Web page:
Starliner space capsule faces delays as rocket separation deemed necessary
Image credit: nasa
The launch of Boeing’s CST-100 Starliner space capsule will likely be delayed by several months as it needs to be removed from atop a rocket so that repairs can be carried out, the Wall Street Journal (WSJ) has reported.
The troubled project has faced extensive delays and technical issues throughout its decade-long development, including a last-minute glitch in a test launch earlier this month that forced Boeing to abandon attempts to send it to the International Space Station (ISS).
Since then, its engineers have been trying to tackle an issue causing 13 of Starliner’s valves not to open that was only discovered while it was siting on the launchpad ready to blast off. Boeing said that it has now got nine of the valves to function normally and is still working to address the other four.
The test flight was supposed to see Starliner carry supplies and test equipment to the ISS in order to demonstrate its capabilities in launching, docking, and then re-entering the Earth’s atmosphere while performing a safe desert landing.
Citing people “familiar with the matter”, the WSJ said that it became increasingly apparent that the capsule would need to be separated from the rocket to allow engineers to fix Starliner’s various issues.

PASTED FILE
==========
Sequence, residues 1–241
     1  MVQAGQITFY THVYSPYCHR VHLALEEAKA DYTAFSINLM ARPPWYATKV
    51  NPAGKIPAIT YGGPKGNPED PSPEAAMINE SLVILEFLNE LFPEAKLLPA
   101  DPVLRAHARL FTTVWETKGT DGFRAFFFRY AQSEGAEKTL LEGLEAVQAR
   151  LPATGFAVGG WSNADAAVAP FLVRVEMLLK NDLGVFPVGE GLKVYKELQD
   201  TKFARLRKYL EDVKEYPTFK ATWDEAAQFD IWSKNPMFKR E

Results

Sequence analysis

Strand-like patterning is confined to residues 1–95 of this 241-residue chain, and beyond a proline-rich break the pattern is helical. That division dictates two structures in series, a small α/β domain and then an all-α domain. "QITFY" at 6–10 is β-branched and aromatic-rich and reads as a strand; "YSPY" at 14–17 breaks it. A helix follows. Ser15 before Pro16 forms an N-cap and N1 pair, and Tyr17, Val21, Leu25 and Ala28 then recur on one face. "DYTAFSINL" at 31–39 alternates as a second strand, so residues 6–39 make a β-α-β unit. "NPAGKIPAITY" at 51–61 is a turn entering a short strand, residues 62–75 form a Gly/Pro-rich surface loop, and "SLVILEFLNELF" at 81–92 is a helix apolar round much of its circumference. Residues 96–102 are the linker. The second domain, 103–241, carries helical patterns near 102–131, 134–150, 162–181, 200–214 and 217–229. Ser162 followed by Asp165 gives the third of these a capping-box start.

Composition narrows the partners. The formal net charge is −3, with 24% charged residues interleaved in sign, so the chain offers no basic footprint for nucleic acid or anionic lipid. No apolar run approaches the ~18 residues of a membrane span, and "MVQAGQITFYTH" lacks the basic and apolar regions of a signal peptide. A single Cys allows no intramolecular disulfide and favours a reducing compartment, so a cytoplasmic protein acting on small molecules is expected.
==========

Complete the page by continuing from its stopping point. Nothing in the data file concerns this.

Both Boeing and Nasa have said they have not abandoned attempts to try for a do-over later this month, although the WSJ report would suggest this is becoming increasingly unlikely.
The Starliner has been designed to take people to and from a low-earth orbit and is competing with Elon Musk’s SpaceX to take Nasa astronauts to the space station from the United States.
Boeing’s previous attempt at an uncrewed test flight in 2019 ended in failure due to an unforeseen software glitch. While the capsule was able to reach orbit and land safely, a software problem prevented it from docking successfully with the ISS.
Boeing has already been awarded $5.1bn from Nasa to develop the capsule compared to just $3.1bn for SpaceX.
Earlier this week, SpaceX purchased the satellite start-up Swarm Technologies as it looks to expand its communications network of small satellites.
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